Los Angeles Employment Contract Violation Lawyer

Most employers in California do not have to give their employers any promises or guarantees regarding their employment. The majority of employees in California are classified as “at-will.” This means that they can be let go from employment at any given time. However, some employees have contracts that spell out details of their employment including their salary and length of employment.

When an employer violates the terms of an employment contract, the wronged employee may be able to pursue damages. If your contract has been violated or breached, please contact Strong Advocates to obtain more information about your legal rights and options.

What is an Employment Contract?

Generally speaking, California employees work “at will.” Some employment contracts don’t actually change that relationship. For example, an offer letter when an employer describes the position and salary details stating that the employee will work at will, does not amount to an employment contract. The employer can still end the relationship without a breach.

On the other hand, when a contract clearly states the term of employment and penalties the employer faces for ending the contract early, the employee has the right to sue for a breach or violation of such a contract. For example, if an employee is hired for a two-year term, he or she cannot be fired during that term, unless there was gross misconduct or criminal conduct involved or the employee violated some other provision in the contract. Some contracts state that an employer can end the relationship on 90 days’ notice or pay when such a notice is not provided.

When is a Claim Appropriate?

Before moving forward with a contract violation lawsuit, it must be determined if your contract was legal in the first place. You and your employer have the right to include any legal terms you wish in your contract as long as they do not violate any local, state or federal codes, ordinances or laws. It is perfectly acceptable to include a guaranteed amount of money and length of employment. However, it is not legal to have a contract, for example, that requires you to commit a criminal act in order to receive payment or to waive certain unwaivable legal rights. In such cases, the contract — or parts of it — is not enforceable.

Once it is determined that there was a legal contract, the reason for the contract should be examined. If the employer knowingly entered into a contract with you, you may have a legal claim. If, however, the employer unintentionally created an employment contract — or it’s not in writing — it may be challenging to prove your case in court.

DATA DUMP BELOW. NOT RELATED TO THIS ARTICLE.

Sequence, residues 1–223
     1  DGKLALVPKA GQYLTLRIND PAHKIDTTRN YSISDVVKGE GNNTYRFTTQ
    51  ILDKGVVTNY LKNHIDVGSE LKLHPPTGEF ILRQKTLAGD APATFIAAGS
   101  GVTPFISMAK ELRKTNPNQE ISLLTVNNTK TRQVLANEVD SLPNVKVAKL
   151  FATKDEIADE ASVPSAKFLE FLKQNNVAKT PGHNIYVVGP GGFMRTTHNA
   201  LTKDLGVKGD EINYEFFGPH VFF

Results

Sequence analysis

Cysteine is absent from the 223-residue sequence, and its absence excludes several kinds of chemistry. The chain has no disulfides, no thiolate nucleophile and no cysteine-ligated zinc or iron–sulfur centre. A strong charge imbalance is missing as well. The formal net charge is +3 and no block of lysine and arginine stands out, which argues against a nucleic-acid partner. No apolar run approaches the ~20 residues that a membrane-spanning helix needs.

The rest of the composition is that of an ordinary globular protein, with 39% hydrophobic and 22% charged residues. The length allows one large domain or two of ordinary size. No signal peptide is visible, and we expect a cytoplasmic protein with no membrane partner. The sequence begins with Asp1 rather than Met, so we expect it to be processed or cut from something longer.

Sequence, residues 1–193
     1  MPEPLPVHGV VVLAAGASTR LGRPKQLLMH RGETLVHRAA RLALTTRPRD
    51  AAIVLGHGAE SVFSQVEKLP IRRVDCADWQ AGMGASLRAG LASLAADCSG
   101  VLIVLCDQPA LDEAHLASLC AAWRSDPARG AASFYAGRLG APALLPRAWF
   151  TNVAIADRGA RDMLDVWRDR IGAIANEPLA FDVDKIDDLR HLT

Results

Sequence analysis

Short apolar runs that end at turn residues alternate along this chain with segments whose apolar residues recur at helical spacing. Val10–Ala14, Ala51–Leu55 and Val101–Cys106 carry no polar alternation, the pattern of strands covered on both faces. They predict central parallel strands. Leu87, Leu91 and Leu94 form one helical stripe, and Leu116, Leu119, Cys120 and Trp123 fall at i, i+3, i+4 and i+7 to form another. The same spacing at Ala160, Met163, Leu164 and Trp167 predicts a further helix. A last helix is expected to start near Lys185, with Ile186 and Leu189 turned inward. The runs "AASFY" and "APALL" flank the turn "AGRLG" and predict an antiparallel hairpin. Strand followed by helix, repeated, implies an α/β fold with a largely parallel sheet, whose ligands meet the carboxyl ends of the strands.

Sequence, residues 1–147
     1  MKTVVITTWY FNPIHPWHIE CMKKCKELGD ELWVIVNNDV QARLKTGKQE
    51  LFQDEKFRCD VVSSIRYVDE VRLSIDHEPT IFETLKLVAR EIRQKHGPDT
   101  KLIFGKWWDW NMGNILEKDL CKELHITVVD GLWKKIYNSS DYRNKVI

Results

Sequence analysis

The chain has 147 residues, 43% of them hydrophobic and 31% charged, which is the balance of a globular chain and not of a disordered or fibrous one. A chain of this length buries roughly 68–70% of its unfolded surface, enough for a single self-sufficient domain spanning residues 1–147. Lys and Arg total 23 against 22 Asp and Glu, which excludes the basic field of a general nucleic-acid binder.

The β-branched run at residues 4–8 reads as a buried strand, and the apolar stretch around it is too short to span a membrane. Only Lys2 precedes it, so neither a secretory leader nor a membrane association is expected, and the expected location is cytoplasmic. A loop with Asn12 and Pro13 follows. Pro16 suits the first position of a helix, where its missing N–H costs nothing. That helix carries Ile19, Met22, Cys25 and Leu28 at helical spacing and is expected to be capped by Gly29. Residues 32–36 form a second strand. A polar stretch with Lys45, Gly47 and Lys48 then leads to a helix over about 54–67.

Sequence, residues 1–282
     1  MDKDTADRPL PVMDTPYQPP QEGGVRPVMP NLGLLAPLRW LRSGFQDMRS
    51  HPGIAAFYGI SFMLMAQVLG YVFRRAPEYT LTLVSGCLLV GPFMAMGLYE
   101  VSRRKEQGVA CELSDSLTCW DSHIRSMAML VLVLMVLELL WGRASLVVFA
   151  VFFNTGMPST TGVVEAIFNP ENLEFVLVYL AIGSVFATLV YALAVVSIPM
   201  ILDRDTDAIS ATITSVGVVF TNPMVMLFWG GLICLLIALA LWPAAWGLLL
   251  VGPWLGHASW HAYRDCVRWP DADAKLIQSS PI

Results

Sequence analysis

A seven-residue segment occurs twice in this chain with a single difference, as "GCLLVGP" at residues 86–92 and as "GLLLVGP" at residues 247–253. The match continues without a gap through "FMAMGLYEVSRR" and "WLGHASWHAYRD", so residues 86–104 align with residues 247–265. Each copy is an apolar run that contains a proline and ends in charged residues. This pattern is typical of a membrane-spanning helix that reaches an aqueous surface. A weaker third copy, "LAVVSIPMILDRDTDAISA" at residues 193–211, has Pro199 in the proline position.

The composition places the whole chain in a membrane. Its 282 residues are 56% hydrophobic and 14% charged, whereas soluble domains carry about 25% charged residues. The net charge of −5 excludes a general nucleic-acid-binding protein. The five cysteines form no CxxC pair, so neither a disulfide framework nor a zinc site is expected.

Not all contractual violation cases work in favor of the employee. For example, choosing to break a contract early can prove costly for an employee. Many employers include liquidated damages in their employment contracts. These clauses are created to cover potential damages when an employee leaves early.

Employment contracts also benefit employers when it comes to competition. The majority of employment contracts include non-compete clauses that prevent employees from joining a competitor after the employment is ended. This protects the employer from losing important business secrets and practices. It is possible in some cases to fight the specifics of the non-compete clauses, but you may have to show that the clauses covers too long a time period or too wide a geographic area.

Contacting an Experienced Lawyer
Employment contracts can prove beneficial for employers and employees, but they are also quite complicated to understand. If you have questions about an employee contract or worry that your contract has been violated, make sure you seek out legal guidance. Please contact Strong Advocates for a free legal case analysis to better understand your rights and options. Call us at (800) 870-9886 to find out how we can help you.

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